Atlanta speedway looks for the best in series' last race

Posted: Thursday, November 02, 2000

HAMPTON, Ga. -- When there's a genuine points race, Ed Clark's job as the president and general manager of Atlanta Motor Speedway is easy. In fact, his biggest problem is finding enough tickets to satisfy the demand.

But when there's a runaway lead in the title race, Clark's biggest problem is finding enough race fans to satisfy the speedway's 140,000-seat capacity.

''It's feast or famine,'' he said. ''That's what you face when you're the last race in the Winston Cup season. It's either all good, or it's a lot of work.''

This year's finale, the NAPA 500 on Nov. 19, will be a little of both. The championship is all but settled since Bobby Labonte has a 201-point lead heading into Sunday's Checker Auto Parts/DuraLube 500 at the Phoenix International Raceway. At the same time, there's interest in the race since it will mark the final start for driver Darrell Waltrip.

To put Labonte's lead into perspective, he can skip Sunday's race and still is guaranteed having the points lead heading into the final two events, including next week's race at Homestead, Fla.

Since the race will lack championship drama, Clark said his raceway would focus on Waltrip's retirement. In fact, he hopes to have all of the former Winston Cup champions on hand to honor Waltrip, himself a former three-time champion.

''The way we're going right now, we won't sell out, but we're going to come close,'' Clark said. ''If something stirs up, we might sell out. We won't be bad. The 1992 race was the earliest sellout we've ever had. We sold that race out in early July that year, but the stars all lined up that day. That's a day people will always remember in this sport's history. Our job is to make every race feel that way.''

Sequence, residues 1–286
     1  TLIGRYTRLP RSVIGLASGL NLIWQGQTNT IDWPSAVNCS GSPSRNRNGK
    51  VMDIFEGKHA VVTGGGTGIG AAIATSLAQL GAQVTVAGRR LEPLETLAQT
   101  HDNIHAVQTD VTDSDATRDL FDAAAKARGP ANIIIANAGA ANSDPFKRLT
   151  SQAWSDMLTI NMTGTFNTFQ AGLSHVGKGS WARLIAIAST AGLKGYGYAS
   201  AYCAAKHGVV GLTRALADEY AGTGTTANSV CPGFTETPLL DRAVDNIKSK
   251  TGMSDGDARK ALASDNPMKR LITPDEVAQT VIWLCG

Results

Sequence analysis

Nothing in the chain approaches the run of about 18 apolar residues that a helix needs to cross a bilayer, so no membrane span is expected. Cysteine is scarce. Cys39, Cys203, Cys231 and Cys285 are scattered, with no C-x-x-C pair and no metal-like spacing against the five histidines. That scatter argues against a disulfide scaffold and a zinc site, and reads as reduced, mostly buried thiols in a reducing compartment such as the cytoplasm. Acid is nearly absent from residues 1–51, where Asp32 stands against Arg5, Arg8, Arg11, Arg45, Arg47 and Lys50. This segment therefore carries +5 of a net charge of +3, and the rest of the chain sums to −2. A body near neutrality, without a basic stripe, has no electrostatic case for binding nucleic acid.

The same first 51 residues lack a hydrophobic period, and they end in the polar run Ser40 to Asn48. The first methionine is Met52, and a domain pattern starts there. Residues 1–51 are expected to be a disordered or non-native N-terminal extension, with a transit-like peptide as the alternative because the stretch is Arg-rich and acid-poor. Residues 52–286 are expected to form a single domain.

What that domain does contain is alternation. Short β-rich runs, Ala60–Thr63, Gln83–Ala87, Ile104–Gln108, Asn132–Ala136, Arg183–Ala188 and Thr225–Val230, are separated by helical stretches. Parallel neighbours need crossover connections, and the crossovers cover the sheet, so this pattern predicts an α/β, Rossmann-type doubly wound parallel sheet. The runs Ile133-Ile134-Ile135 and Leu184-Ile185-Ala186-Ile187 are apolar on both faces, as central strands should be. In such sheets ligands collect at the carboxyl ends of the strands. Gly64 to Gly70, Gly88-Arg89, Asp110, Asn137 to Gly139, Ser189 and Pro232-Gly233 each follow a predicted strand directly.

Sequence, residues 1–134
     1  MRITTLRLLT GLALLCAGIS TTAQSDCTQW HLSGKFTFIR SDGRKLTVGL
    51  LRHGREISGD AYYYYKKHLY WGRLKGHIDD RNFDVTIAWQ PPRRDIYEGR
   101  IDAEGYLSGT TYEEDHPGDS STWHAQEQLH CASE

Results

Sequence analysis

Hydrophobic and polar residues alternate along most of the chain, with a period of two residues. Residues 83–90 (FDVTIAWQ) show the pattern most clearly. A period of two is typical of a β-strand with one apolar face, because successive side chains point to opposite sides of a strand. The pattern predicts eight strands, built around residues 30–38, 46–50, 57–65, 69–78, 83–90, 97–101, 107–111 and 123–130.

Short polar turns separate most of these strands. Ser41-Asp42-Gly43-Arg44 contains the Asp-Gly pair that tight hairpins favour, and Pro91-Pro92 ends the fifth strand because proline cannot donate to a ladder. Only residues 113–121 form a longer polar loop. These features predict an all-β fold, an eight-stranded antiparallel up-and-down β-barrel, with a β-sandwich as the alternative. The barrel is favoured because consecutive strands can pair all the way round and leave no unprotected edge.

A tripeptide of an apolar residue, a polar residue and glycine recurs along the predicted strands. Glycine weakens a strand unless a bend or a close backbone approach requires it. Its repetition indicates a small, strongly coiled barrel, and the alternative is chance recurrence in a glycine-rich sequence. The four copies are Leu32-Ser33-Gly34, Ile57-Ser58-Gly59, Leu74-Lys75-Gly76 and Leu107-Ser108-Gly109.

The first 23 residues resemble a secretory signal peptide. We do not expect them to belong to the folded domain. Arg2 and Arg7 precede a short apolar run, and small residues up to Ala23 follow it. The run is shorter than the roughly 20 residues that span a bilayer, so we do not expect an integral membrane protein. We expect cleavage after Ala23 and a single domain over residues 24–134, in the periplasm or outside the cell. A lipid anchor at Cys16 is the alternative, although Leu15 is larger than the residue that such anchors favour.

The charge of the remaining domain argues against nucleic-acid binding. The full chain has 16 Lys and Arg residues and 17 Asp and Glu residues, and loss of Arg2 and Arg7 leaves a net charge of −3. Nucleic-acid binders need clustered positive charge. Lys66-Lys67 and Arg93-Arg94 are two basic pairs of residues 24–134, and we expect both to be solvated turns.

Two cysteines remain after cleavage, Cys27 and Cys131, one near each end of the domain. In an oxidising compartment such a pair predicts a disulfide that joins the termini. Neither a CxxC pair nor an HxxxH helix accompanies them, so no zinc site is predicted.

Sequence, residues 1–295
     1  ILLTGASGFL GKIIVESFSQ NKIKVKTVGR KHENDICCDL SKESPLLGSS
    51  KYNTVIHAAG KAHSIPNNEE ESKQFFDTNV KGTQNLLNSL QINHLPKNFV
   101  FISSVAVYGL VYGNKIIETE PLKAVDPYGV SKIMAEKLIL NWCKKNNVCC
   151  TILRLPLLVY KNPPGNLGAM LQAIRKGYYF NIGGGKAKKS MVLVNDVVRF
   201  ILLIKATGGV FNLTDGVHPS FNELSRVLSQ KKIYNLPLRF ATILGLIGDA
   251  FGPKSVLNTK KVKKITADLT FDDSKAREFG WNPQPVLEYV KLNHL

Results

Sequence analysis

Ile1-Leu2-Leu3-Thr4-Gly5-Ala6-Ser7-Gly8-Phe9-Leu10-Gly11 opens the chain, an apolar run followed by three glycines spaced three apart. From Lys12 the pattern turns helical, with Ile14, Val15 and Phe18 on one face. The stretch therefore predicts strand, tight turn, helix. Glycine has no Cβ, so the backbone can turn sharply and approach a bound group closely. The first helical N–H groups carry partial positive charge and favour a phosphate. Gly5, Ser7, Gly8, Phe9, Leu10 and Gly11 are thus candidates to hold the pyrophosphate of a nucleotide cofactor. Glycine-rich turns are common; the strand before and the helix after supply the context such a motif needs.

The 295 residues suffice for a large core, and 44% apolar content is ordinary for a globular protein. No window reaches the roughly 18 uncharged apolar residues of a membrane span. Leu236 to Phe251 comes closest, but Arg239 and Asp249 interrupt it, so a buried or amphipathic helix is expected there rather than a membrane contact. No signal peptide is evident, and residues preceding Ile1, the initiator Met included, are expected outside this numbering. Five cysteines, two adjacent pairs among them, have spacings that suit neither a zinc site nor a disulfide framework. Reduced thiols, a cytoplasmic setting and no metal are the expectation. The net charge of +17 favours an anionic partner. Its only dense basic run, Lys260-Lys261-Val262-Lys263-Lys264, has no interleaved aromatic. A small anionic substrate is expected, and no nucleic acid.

The 1992 race at Atlanta was a grand finale indeed. Six drivers were mathematically alive to win the championship, but three Alan Kulwicki, Bill Elliott and Davey Allison were atop the standings and separated by a mere 40 points.

The race also marked the end of Richard Petty's driving career and the beginning of Jeff Gordon's journey on the NASCAR Winston Cup Series.

The race itself exceeded all the months of hype. Allison slipped from first to third in the point standings after wrecking midway in the event. Kulwicki and Elliott led most of the final 205 laps Kulwicki leading 103, Elliott leading 102. The extra lap led gave Kulwicki five bonus points for leading the most laps, and it allowed him to beat Elliott, who eventually won the race, by just 10 points. In 52 years, it remains the smallest margin of victory in NASCAR history.

Petty's last ride also had drama. He crashed early in the race, his familiar Petty blue and red Pontiac bursting into flames. His team, however, rebuilt the twisted car and put the winningest driver in NASCAR history back on the track for the final few laps. Richard Petty, The King, was behind the wheel when the checkered flag waved on his storied career, not standing in the garage area.

It would be hard for Clark to duplicate that afternoon. But it won't stop him from trying.

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